This 4-year, pan-Canadian study involves managers, pediatric occupational therapists, physiotherapists, speech-language pathologists, and families from 20 sites in 8 provincial jurisdictions. It will use a multimethod, prospective, hybrid type 3 implementation-effectiveness design. An interrupted time series will assess TIPS implementation. TIPS will comprise a 1-month training intervention with self-paced learning modules and a webinar, followed by an 11-month support program, including monthly site meetings and access to a virtual community of practice. Longitudinal mixed modeling will be used to analyze indicators of therapists’ adoption of and fidelity to FCT collected at 10 time points. To identify barriers and facilitators to adoption and fidelity, qualitative data will be collected during implementation and analyzed using a deductive-inductive thematic approach. To evaluate effectiveness, a quasi-experimental pretest-posttest design will use questionnaires to evaluate TIPS effectiveness at service, therapist, and family levels. Generalized linear mixed effects models will be used in data analysis. Manager, therapist, and family interviews will be conducted after implementation and analyzed using reflective thematic analysis. Finally, cost data will be gathered to calculate public system and societal costs.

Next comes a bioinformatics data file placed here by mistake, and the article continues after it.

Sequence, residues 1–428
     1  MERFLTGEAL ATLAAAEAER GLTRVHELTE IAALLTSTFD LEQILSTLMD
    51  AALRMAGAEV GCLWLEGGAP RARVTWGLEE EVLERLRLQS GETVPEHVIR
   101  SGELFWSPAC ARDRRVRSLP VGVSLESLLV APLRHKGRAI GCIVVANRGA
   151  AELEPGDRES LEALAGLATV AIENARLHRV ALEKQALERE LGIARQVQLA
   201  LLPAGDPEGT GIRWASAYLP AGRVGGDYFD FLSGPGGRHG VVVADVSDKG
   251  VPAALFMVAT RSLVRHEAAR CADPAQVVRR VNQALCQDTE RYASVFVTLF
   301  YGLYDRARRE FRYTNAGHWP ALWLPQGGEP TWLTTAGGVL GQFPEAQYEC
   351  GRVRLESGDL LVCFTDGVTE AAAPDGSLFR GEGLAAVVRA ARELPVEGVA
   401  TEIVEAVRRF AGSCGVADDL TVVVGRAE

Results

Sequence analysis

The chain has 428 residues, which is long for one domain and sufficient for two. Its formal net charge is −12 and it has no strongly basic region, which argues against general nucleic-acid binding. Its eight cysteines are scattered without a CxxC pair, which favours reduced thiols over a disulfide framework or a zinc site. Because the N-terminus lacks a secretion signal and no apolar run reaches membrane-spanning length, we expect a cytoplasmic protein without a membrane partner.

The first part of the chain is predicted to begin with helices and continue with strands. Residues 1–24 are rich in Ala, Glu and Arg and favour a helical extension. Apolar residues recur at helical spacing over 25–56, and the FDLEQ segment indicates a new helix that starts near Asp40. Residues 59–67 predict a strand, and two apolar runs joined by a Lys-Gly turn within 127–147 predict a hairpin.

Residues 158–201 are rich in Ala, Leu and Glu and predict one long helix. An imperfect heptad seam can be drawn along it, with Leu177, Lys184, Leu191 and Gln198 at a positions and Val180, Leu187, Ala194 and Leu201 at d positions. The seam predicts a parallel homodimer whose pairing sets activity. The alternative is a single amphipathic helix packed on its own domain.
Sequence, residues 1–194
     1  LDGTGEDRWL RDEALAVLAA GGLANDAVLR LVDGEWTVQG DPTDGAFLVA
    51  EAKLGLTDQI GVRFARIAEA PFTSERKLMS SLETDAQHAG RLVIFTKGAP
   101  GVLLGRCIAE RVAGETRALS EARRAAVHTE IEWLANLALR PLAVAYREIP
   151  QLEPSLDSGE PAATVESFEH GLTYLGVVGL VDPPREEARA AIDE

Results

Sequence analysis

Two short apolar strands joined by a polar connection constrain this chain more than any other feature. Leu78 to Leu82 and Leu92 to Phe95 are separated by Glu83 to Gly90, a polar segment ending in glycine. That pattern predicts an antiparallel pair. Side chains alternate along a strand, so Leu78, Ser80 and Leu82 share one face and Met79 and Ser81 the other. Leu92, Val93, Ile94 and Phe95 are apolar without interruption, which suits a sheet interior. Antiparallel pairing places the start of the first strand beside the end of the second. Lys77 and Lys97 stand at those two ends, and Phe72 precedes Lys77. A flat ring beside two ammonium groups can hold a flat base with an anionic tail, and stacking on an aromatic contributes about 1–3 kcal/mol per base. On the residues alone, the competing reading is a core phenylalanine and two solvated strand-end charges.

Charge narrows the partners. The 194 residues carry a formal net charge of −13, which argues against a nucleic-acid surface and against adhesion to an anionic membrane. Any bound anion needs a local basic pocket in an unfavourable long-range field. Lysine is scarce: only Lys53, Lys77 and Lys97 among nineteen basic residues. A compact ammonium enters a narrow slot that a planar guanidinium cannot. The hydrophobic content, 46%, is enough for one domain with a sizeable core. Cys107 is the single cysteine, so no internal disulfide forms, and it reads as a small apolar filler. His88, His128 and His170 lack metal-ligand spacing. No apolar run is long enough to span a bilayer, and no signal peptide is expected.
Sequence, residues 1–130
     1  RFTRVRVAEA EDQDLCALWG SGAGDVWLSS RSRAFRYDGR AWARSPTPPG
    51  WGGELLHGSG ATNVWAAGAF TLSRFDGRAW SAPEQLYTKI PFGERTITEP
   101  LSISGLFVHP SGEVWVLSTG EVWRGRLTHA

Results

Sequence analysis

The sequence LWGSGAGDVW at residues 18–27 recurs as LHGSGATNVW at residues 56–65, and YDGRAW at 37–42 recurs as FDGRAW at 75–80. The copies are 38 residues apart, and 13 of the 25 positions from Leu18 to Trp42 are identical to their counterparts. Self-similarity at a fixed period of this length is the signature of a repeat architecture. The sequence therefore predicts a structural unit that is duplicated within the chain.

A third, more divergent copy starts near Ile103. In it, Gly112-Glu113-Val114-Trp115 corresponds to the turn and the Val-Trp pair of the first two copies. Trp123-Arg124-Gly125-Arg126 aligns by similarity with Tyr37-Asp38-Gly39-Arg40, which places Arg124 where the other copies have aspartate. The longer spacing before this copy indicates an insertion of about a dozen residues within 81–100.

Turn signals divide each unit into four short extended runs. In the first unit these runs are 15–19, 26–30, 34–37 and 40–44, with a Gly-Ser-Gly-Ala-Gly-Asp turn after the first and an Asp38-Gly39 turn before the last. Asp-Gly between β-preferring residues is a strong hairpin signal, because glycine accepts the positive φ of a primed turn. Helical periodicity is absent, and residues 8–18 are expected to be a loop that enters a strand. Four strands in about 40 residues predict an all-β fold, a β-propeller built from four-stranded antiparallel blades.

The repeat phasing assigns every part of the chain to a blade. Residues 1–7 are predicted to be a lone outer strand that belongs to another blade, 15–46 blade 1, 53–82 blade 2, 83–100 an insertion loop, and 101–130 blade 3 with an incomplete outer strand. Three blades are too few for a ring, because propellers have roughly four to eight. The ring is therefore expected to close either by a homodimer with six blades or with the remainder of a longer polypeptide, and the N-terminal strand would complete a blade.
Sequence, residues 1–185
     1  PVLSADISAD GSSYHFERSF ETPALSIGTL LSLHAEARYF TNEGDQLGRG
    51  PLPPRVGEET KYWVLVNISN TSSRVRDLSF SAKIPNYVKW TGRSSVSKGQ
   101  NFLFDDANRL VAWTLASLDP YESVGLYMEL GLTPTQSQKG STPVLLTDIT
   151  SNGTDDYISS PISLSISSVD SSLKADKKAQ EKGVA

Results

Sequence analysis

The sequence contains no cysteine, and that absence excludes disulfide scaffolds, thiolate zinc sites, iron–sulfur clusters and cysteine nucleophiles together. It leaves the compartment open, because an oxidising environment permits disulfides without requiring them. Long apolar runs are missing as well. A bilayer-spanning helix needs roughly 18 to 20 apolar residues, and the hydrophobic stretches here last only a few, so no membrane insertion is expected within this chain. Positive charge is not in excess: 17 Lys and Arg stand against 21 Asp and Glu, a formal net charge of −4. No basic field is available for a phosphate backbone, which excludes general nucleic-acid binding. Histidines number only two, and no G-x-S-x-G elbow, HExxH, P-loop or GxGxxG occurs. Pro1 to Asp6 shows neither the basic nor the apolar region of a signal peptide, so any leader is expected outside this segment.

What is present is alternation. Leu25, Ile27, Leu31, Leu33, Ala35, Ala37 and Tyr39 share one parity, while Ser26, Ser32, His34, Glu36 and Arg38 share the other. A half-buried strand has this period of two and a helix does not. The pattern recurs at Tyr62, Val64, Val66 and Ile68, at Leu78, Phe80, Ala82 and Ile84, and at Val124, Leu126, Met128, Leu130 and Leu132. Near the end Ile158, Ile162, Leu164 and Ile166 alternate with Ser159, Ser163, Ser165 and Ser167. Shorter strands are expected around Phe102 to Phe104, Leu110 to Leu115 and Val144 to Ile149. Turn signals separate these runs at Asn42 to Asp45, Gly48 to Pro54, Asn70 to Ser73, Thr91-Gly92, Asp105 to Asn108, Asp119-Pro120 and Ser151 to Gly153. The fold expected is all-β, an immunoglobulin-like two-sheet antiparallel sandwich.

Ethics approval has been obtained from 2 jurisdictions (February 2022 and July 2022); approval is pending in the others. In total, 20 sites have been recruited, and data collection is anticipated to start in September 2022 and is projected to be completed by September 2024. Data analysis will occur concurrently with data collection, with results disseminated throughout the study period.